We will determine the effects of epigenetic modifications on replication origin activation and silencing within the immunoglobulin heavy chain (Igh) locus. We have established the location of many replication initiation sites throughout the Igh locus and have determined how they change during B cell development. We will now focus on modifying the Igh locus in murine ES and proB cells to understand how chromatin modifications associated with active and inactive chromatin domains affect the activation of initiation domains of DNA replication within the locus. For these studies, we have engineered ES cells to contain an exchangeable cassette at two sites within the Igh locus. Using these ES cells, we propose to target to these sites, specific proteins that modify chromatin structure and have histone modifying activities. We already have demonstrated that we can tether a transcriptional activator to Gal4 target sites that we have inserted in the Igh region, resulting in histone modifications and the activation of a previously silent gene. We will also modify the locus by inserting much larger targeting sequences containing frequent recognition sites. We will determine the effects of epigenetic modifications on replication initiation, the direction and rate of replication fork progression and on the time in S phase during which the Igh and flanking regions replicate. We will use two novel approaches that we have recently developed: single molecule analysis of replicated DNA (SMARD) and high-resolution timing array (HRTA) analysis. The role of higher order chromosome structure in regulating replication will also be investigated. We will use the ES cells with the Igh locus, modified by cassette exchange, to produce chimeric mice and homozygous knock-in mice to determine the effect on B cell development of epigenetic changes in the Igh locus. We will characterize these changes using the detailed information we have already obtained about replication initiation and fork direction, and nuclear organization of the Igh locus at different stages of normal development in the B lineage.

National Institute of Health (NIH)
National Institute of General Medical Sciences (NIGMS)
Research Project (R01)
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Molecular Genetics C Study Section (MGC)
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Santangelo, George M
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Albert Einstein College of Medicine
Anatomy/Cell Biology
Schools of Medicine
United States
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Pan, Xiaolei; Drosopoulos, William C; Sethi, Louisa et al. (2017) FANCM, BRCA1, and BLM cooperatively resolve the replication stress at the ALT telomeres. Proc Natl Acad Sci U S A 114:E5940-E5949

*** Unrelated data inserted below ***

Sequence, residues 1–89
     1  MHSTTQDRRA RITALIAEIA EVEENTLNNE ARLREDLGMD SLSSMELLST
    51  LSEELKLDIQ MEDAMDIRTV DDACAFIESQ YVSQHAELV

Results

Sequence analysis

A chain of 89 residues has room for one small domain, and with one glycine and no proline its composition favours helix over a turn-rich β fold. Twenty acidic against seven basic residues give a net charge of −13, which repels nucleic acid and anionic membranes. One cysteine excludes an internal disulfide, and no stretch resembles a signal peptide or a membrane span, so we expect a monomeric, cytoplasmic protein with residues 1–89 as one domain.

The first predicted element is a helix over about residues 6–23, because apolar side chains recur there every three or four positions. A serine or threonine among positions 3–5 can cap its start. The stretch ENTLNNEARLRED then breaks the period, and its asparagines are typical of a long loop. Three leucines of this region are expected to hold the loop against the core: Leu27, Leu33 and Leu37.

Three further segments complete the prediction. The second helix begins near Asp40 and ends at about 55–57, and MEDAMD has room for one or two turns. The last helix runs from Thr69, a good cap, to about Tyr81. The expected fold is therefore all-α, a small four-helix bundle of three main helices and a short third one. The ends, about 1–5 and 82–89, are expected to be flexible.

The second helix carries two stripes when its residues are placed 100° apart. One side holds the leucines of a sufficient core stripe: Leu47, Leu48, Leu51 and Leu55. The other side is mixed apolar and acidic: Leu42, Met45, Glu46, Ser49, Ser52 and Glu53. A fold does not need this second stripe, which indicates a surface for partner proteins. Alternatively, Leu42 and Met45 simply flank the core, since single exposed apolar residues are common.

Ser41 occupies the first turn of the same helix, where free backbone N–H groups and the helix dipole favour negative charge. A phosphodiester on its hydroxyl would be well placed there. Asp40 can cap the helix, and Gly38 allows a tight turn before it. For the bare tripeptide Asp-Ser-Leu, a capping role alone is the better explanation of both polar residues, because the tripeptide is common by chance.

Madireddy, Advaitha; Purushothaman, Pravinkumar; Loosbroock, Christopher P et al. (2016) G-quadruplex-interacting compounds alter latent DNA replication and episomal persistence of KSHV. Nucleic Acids Res 44:3675-94
Madireddy, Advaitha; Kosiyatrakul, Settapong T; Boisvert, Rebecca A et al. (2016) FANCD2 Facilitates Replication through Common Fragile Sites. Mol Cell 64:388-404
Drosopoulos, William C; Kosiyatrakul, Settapong T; Schildkraut, Carl L (2015) BLM helicase facilitates telomere replication during leading strand synthesis of telomeres. J Cell Biol 210:191-208
Calderano, Simone Guedes; Drosopoulos, William C; Quaresma, Marina Mônaco et al. (2015) Single molecule analysis of Trypanosoma brucei DNA replication dynamics. Nucleic Acids Res 43:2655-65
Gerhardt, Jeannine; Zaninovic, Nikica; Zhan, Qiansheng et al. (2014) Cis-acting DNA sequence at a replication origin promotes repeat expansion to fragile X full mutation. J Cell Biol 206:599-607
Gerhardt, Jeannine; Tomishima, Mark J; Zaninovic, Nikica et al. (2014) The DNA replication program is altered at the FMR1 locus in fragile X embryonic stem cells. Mol Cell 53:19-31
Murphy, Anar K; Fitzgerald, Michael; Ro, Teresa et al. (2014) Phosphorylated RPA recruits PALB2 to stalled DNA replication forks to facilitate fork recovery. J Cell Biol 206:493-507
Jeong, Yeon-Tae; Rossi, Mario; Cermak, Lukas et al. (2013) FBH1 promotes DNA double-strand breakage and apoptosis in response to DNA replication stress. J Cell Biol 200:141-9
Drosopoulos, William C; Kosiyatrakul, Settapong T; Yan, Zi et al. (2012) Human telomeres replicate using chromosome-specific, rather than universal, replication programs. J Cell Biol 197:253-66

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